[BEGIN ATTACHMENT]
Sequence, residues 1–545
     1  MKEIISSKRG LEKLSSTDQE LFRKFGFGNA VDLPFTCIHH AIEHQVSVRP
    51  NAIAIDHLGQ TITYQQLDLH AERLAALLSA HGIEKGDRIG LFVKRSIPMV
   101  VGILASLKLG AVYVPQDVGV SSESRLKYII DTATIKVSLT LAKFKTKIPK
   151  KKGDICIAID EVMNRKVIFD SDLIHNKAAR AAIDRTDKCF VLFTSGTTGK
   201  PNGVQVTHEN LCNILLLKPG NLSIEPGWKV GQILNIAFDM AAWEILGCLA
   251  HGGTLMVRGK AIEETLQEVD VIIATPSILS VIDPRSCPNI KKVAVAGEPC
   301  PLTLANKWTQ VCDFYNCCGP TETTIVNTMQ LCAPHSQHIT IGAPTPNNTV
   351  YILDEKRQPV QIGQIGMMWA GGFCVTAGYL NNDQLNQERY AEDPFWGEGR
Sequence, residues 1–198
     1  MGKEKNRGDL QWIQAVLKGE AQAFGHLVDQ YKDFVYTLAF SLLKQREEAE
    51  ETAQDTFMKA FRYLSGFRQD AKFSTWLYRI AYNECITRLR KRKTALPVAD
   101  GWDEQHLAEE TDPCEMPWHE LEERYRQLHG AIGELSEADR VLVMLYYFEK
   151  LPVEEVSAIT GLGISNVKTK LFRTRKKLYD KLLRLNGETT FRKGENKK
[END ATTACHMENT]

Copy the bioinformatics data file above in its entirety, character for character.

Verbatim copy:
Sequence, residues 1–545
     1  MKEIISSKRG LEKLSSTDQE LFRKFGFGNA VDLPFTCIHH AIEHQVSVRP
    51  NAIAIDHLGQ TITYQQLDLH AERLAALLSA HGIEKGDRIG LFVKRSIPMV
   101  VGILASLKLG AVYVPQDVGV SSESRLKYII DTATIKVSLT LAKFKTKIPK
   151  KKGDICIAID EVMNRKVIFD SDLIHNKAAR AAIDRTDKCF VLFTSGTTGK
   201  PNGVQVTHEN LCNILLLKPG NLSIEPGWKV GQILNIAFDM AAWEILGCLA
   251  HGGTLMVRGK AIEETLQEVD VIIATPSILS VIDPRSCPNI KKVAVAGEPC
   301  PLTLANKWTQ VCDFYNCCGP TETTIVNTMQ LCAPHSQHIT IGAPTPNNTV
   351  YILDEKRQPV QIGQIGMMWA GGFCVTAGYL NNDQLNQERY AEDPFWGEGR
Sequence, residues 1–198
     1  MGKEKNRGDL QWIQAVLKGE AQAFGHLVDQ YKDFVYTLAF SLLKQREEAE
    51  ETAQDTFMKA FRYLSGFRQD AKFSTWLYRI AYNECITRLR KRKTALPVAD
   101  GWDEQHLAEE TDPCEMPWHE LEERYRQLHG AIGELSEADR VLVMLYYFEK
   151  LPVEEVSAIT GLGISNVKTK LFRTRKKLYD KLLRLNGETT FRKGENKK